In short, the administration’s policy goal is very likely for homeschooling to be entirely under state control—at which point it ceases to be homeschooling in any meaningful sense. 

 

Conclusion

Homeschooling captures the battle between individualism and authoritarianism. The rights of parents and children are pitted against the state's demand to supersede both. 

Homeschooling is an act of defiance that frightens the state. It not only challenges the state's competence and monopoly, but homeschooling also constitutes an issue from which people will not back down. How can they? The well-being and future of their children is at stake. Unfortunately, the state is not likely to back down either. Its well-being and future are at stake as well. 

 

Introduction

Homeschooling refers to the process of educating children at home instead of sending them to public schools which are shared by students from different families. It happens when a child learns subjects taught in standard schools at home either by parents, brothers, sisters, or students from the neighborhood. Homeschooling is not for everyone. As we shall see later, it has been found out that homeschooling has its pros and cons and demands a lot of courage and commitment to make things go through.

Arguments Against Homeschooling

A parent may be having good quality education but may not be qualified to be a teacher. Teaching is an art that requires talent and ability to understand better the physiology of the child, and to do that you must have attended a course or training towards education of children. In this case, special needs of homeschooled children are not met because a trained teacher is not available to guide him or her. Some children at a certain stage require special learning aids and tutors who have had experience with many kids before; therefore they must be given proper guidance that might impact their education positively. Similarly, certain subjects require different methods of teaching aids and a parent may know only one method and may therefore train their child with an outdated tactic that may not reflect the current trends. Parents, having to manage work and household responsibilities while devoting some of their time to the education of their children, a situation known as homeschool burnout, become tired and stressed due to teaching for long hours at a stretch compared to many teachers that standard schools offer and would therefore not result in this scenario.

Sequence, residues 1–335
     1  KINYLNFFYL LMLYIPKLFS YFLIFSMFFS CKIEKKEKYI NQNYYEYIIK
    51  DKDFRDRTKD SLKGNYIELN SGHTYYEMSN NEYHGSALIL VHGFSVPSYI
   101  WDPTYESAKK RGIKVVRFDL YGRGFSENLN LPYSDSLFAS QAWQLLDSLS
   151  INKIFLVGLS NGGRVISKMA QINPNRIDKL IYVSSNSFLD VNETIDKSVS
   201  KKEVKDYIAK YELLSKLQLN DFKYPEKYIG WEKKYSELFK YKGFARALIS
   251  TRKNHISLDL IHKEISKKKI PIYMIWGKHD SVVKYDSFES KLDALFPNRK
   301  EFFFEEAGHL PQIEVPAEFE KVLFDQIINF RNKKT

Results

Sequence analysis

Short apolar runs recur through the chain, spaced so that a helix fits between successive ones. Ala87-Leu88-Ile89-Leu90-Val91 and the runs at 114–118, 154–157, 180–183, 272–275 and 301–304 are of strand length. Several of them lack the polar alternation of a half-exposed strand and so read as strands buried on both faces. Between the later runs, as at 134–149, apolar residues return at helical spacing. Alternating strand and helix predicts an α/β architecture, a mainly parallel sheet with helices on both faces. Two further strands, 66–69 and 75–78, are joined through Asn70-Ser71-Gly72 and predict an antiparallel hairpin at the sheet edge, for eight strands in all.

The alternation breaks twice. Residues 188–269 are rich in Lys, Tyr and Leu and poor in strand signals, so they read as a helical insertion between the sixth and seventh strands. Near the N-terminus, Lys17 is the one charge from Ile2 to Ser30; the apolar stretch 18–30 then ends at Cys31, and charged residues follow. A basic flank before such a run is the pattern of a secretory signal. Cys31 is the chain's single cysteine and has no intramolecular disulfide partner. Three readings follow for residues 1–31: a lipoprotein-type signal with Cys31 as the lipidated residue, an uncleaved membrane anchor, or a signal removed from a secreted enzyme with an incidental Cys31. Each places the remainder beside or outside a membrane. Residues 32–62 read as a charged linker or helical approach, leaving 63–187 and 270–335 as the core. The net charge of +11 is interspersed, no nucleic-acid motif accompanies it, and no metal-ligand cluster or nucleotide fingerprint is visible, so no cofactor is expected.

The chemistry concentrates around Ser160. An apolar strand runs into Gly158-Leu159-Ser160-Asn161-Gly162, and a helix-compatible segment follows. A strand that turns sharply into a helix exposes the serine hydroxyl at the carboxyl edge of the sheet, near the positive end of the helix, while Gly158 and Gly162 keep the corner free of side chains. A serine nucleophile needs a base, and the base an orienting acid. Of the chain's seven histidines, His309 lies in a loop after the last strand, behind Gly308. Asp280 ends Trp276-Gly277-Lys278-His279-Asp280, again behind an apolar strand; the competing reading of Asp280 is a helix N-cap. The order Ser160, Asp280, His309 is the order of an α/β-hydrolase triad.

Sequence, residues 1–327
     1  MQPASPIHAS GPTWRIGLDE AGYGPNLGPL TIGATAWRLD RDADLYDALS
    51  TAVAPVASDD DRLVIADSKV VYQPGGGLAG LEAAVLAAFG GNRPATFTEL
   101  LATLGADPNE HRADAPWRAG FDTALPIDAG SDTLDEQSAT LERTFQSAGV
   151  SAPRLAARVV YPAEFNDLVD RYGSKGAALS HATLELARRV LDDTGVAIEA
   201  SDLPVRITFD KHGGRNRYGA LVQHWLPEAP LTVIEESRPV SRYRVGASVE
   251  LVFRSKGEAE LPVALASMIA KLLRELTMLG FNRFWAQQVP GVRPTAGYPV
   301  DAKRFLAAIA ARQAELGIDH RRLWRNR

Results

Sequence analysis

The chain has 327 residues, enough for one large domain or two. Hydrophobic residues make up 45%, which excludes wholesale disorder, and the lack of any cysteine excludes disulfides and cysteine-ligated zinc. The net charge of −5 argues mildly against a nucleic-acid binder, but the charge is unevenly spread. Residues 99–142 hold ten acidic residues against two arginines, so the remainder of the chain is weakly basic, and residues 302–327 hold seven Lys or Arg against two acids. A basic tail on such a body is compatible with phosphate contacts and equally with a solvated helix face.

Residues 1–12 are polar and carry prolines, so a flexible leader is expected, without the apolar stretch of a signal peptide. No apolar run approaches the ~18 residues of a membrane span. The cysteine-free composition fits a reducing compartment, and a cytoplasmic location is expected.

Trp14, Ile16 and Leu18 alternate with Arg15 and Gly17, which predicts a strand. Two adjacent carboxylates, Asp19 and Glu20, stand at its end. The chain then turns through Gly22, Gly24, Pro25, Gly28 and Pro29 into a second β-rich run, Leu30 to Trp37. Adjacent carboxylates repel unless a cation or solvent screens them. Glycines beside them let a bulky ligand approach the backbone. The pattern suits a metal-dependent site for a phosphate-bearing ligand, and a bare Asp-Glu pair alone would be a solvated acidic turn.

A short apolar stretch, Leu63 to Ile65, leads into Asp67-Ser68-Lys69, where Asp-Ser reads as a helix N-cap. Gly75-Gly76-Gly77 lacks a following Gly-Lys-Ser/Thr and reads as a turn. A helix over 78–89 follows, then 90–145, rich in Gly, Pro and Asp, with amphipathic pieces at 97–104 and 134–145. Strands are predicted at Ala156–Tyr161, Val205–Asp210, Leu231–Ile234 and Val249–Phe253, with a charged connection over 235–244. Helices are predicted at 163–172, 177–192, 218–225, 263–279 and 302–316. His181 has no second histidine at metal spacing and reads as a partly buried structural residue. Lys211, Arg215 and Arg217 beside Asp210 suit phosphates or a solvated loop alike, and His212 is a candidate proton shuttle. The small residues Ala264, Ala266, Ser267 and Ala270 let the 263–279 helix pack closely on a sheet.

I do agree with this argument because a parent intending to homeschool their children may have created a specific timetable for teaching the children and will have to follow standard procedures in teaching. Because they devote their time to teaching, they would be looking for updates in the curriculum and update according to the world trends.